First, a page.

More Input for Staff, Students?

The Kentucky Lantern reported that some faculty members spoke at the April meeting in favor of the changes, including Hubie Ballard, the other faculty representative on the board, who said it’s important for staff and students to have input. (Michael has said the Senate has 94 faculty members and about 16 students, and half of the top administrators rotate in and out each year.)

Others quoted in The Lantern were faculty members—but also deans. One was Chipper Griffith, dean of the College of Medicine, who spoke to Inside Higher Ed. Griffith said the biggest reason “I’m excited about the change is it’s going to empower local faculty in colleges to make decisions that affect only the college.”

Griffith’s college tried to add biochemistry to its prerequisites for students a couple of years ago, but University Senate approval took more than a year, he said. If the college’s faculty members were allowed to decide that alone, Griffith said, the prerequisite addition “could happen the next day.”

But Rosemann, with the campus AAUP chapter, noted that the colleges’ decisions, once the University Senate is gone, will go to the provost instead for sign-off. What will actually be different, Rosemann said, is that “effective approval of these changes” will rest with deans and provosts.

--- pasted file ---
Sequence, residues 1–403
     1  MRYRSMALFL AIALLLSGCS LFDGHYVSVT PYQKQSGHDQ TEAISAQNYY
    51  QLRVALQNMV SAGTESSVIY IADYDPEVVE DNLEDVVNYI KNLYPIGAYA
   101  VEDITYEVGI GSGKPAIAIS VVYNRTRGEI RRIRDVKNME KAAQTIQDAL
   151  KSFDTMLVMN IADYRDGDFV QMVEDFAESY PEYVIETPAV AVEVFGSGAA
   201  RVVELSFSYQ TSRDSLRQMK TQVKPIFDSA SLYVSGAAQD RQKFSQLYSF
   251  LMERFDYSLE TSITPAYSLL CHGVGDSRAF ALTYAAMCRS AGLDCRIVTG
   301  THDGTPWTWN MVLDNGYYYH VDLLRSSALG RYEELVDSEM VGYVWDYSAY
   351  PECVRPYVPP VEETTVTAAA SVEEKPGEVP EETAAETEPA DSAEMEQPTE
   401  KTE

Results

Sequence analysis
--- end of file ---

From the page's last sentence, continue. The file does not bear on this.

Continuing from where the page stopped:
The Student Government Association (SGA) passed a resolution April 3 supporting the changes, saying that “repeated efforts for student advocacy have been dismissed by the University Senate.”

John Hurley, a graduate at-large SGA senator who stressed he wasn’t speaking for SGA as a whole, said that “in practice, the University Senate is a faculty senate that sets policy for faculty, students and staff.” Hurley said that among the University Senate’s imposed rules was that the student senators who jointly served on the University Senate have to be at least upper-classmen. “I, for one, thought that one was ridiculous,” he said.

Hurley said the student government basically has to go to the administration to get things done. Now, close to its demise, he said the University Senate has offered to add more student representatives. “The time to fix that was years ago, the time to update shared governance, the time for them to listen to us was before I was even a student at the university, not on their way out making concessions because their time was up,” Hurley said.

Mark Criley, a senior program officer in the national AAUP’s Department of Academic Freedom, Tenure and Governance, said UK’s move to abolish the University Senate is highly unusual for a university of its “stature and reputation.” Instead of university leaders unilaterally changing faculty governance structures, he said, faculty members “should have a very active role in designing and implementing, or indeed replacing, those governing bodies for faculty.”